The Maelstrom of Crèche Syndrome The chronically runny or blocked nose, coughs, raised temperature, lack of appetite, frequent waking at night, fidgeting with the ears, skin rashes, bouts of diarrhoea, sore throats and vomiting become part of your daily life. Feedback from the caretaker that your child is feverish or refuses to eat worsens the already gnawing feeling of guilt. Medical or specialist help often fails to make a difference. Hospitalisation is frequently necessary. This in turn puts more pressure on the parent trying to balance between work, household, family and partner. The resulting stress is further aggravated by confusing and contrarian advice from media, family, friends, colleagues and medical personnel. The effect of all this on the parents is often not even considered as the focus is on the child. However the negative feedback that a stressed-out parent has in turn on the wellbeing of the child is another important factor. More often than not there is no quality time to spend with your child and the early years of development are at best captured in photos but lack in your memories.
The Good Beside all the social advantages of a crèche, there are medical benefits for the child as well. Every sniffle and cold in the end translates into immunity for that specific organism. You might regard this almost as an immunisation. Little kids are amazingly tough and resilient. Although they might have a snotty nose or a rather persistent cough they often continue with their daily activities as though nothing is wrong.
Rather than further compromising the child, play, laughter and activities boost the child’s immune system. At some stage of our lives we have to confront all the common viruses and bacteria and build up immunity (see Immune System). If this only happens once the child goes to school it will automatically translate into school days lost, which is less desirable than a few days out of crèche. Crèche syndrome does not last forever. Your child’s immune system strengthens and becomes better and better at identifying and dealing with bugs surrounding us. After the first two to four years you will notice that infections become fewer and often less severe. Eventually your child has basically the same number of colds or flus as you have as an adult.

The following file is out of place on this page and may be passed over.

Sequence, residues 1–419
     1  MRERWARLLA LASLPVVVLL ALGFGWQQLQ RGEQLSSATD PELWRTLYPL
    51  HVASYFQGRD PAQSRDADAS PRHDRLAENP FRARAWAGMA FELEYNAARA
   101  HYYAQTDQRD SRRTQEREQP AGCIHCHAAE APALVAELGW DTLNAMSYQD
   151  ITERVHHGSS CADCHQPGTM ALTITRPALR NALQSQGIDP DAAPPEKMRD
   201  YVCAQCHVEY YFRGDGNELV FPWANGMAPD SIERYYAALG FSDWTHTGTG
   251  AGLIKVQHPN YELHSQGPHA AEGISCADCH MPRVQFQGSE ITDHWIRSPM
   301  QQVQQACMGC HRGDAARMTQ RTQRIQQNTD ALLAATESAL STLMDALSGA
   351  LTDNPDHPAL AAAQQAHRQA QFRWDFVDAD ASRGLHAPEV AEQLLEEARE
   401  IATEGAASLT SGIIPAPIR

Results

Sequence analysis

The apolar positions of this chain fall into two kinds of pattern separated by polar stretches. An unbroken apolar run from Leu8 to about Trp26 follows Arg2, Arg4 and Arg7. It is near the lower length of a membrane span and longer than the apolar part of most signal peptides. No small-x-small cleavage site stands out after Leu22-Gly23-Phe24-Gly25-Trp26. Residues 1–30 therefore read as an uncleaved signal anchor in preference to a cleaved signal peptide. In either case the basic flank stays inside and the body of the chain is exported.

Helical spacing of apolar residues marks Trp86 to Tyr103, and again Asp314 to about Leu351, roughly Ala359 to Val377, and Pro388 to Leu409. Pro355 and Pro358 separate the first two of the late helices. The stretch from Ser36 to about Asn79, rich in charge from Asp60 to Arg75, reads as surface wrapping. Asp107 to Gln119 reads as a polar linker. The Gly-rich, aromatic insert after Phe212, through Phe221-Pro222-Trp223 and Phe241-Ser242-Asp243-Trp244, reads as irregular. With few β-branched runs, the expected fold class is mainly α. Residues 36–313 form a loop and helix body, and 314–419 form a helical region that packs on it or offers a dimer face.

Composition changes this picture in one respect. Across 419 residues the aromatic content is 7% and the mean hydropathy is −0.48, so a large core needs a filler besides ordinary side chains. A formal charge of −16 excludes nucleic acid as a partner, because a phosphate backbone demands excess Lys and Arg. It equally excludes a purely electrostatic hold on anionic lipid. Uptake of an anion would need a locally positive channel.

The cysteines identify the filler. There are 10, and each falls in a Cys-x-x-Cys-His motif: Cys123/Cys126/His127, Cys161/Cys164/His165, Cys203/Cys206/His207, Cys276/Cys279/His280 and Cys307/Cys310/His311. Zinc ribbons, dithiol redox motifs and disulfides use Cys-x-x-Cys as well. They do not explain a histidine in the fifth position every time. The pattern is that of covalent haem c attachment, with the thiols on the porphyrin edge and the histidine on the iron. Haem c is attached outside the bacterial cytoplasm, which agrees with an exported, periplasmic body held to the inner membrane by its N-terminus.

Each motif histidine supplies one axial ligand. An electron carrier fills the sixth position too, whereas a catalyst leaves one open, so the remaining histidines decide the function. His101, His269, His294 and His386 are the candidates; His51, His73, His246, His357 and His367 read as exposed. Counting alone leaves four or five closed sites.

The number of kids in a crèche is directly linked to the frequency of infections. The smaller the number the smaller the pool of organisms. Although children in a small play-group will still share viruses it is often a distinct episode followed by weeks or even months of no health issues rather than permanent infections that become indistinguishable from one another. Ideally groups of not more than five to six children should be sought out. If at all possible delay the entry into the crèche until the child is two-and-a-half to three years old. Firstly many of the anatomical shortcomings of very young kids will have been overcome (see Anatomy) and hence the child will almost have “outgrown” specific “size-related” health problems. Secondly the older child can communicate much better and is able to e.g. localize pain or cooperate better towards obtaining a diagnosis or during administering treatment.